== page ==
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Washington state’s debate on cannabis has only just begun

While Colorado has plowed ahead in building a taxed and regulated marijuana industry, the state of Washington has been more deliberate. It will be a few months yet before the first retail outlets selling cannabis are open to the public.

It's not surprising, given the many questions the state has had to consider since residents voted in favour of legalization in a referendum in November, 2012. Among them has been the question of demand: How much marijuana should the state produce for sale?

Grow too much and you have an oversupply that may end up in the hands of those living in nearby states. Too little supply, meantime, could bring into play the black-market suppliers the state is trying to put out of business.

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What state bureaucrats discovered is that trying to quantify how much pot the average user in the state consumes in a year is difficult. It's not like people are ready to divulge that information to any old pollster who phones their house. That said, according to the latest study released by RAND Corp., the roughly 750,000 users in Washington state will have consumed anywhere between 135 and 225 metric tonnes in 2013.

That far exceeds the state's initial consumption estimates. Still, it does not intend to deviate from its plan to produce about 80 metric tonnes of marijuana and extracts for sale annually in a bid to capture more of the market. It will ramp up production as the system grows.

Along with the matter of how much marijuana the state should produce has been the issue of what form the final product should take.

When most people of a certain age think of pot, they picture a joint. But what Washington marijuana officials discovered is that the marijuana cigarette is losing popularity, especially with the young who are increasingly favouring edibles and concentrates such as hash oil. So when the system gets up and going in the spring, it's anticipated that consumers will purchase roughly 40 metric tonnes of buds and flowers and another 40 metric tonnes of extracts such as cookies and bars, liquids and topicals (applied to the skin) as well as oils.

And what about the stores themselves? Where should they be located? The law approved by voters mandated that there be a 304-metre buffer between any marijuana outlet and venues frequented by young people, including schools and parks. However, the state liquor board, which is overseeing the marijuana rollout, changed the way that distance is calculated. It decided to use the most "common path," between a pot facility and youth venue rather than a straight-line measurement.

This move opened up new territory for erstwhile pot retailers.

Most stores are being located based on population and accessibility, a system similar to the one used for state liquor stores that are now defunct. About 20 are expected to open in Seattle alone.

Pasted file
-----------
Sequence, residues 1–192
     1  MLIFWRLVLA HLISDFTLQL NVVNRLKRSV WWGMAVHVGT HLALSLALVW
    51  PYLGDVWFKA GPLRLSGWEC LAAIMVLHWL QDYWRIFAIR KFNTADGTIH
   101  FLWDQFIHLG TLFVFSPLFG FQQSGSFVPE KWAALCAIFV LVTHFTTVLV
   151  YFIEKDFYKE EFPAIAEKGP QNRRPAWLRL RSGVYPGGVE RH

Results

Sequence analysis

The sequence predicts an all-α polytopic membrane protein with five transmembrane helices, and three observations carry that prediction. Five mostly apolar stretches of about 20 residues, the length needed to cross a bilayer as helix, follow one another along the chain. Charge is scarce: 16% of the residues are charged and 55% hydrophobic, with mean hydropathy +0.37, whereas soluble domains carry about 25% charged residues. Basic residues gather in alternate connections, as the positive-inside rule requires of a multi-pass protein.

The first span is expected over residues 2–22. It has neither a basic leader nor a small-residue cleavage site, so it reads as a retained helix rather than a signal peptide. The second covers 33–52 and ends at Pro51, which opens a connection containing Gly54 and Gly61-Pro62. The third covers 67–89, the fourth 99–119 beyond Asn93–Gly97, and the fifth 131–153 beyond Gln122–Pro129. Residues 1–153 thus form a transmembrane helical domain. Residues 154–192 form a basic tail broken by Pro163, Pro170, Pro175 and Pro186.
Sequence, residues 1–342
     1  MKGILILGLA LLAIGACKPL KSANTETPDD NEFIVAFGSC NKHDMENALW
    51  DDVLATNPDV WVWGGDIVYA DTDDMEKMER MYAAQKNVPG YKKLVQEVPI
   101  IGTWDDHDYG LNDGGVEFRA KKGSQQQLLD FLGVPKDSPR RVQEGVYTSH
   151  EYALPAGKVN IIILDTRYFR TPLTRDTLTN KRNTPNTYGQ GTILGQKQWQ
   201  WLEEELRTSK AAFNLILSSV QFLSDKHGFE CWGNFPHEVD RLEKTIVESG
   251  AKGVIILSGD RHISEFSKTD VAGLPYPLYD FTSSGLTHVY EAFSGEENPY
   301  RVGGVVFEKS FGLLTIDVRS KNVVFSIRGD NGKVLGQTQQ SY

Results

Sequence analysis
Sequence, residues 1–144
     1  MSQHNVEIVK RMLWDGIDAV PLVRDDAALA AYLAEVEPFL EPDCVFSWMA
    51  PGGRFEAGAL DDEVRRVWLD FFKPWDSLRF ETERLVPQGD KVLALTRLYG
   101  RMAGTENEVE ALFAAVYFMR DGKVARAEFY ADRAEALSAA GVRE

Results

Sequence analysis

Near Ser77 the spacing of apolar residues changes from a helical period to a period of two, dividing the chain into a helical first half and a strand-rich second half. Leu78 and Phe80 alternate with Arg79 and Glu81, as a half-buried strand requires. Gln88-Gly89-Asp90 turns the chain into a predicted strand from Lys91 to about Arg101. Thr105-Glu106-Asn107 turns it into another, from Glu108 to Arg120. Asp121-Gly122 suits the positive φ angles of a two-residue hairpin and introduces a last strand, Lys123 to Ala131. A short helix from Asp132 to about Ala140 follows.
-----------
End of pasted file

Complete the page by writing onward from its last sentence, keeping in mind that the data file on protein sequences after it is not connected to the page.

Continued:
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One of the aspects of legalization in Washington and Colorado to keep an eye on is around driving while intoxicated. Washington has opted for a fairly straightforward measure on this front: If you're stopped for driving erratically and your blood contains five nanograms of active tetrahydrocannabinol (THC – the mind-altering ingredient found in marijuana), you will be arrested for driving under the influence.

This is surely going to be fertile ground for lawyers. At this point, scientists are far from confident in terms of predicting how the hallucinogenic components in marijuana affect different users. Consequently, the threshold that Washington has settled on – five nanograms of THC – is, in some respects, arbitrary.

There is already opposition forming. According to a recent article in The New Yorker, the Marijuana Policy Project, a national organization promoting reform of the U.S.'s cannabis laws, is suggesting that the THC test criminalizes sober drivers. Meantime, there are other groups such as the National Institute on Drug Abuse arguing the five-nanogram baseline is too tolerant and that impairment is possible at levels below that.

What is widely agreed, however, is that much more research needs to be conducted on how marijuana affects people generally.

It's safe to say there are people on both sides of the marijuana argument with much at stake in terms of what's happening in the two U.S. states. Any problem will be pounced on by those who think legalization signals the end of the American empire as we know it. Any success will be hailed by proponents as a victory for evolution and common sense.

There is certain to be fodder for both sides.

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About the Author
National affairs columnist

Gary Mason began his journalism career in British Columbia in 1981, working as a summer intern for Canadian Press. More


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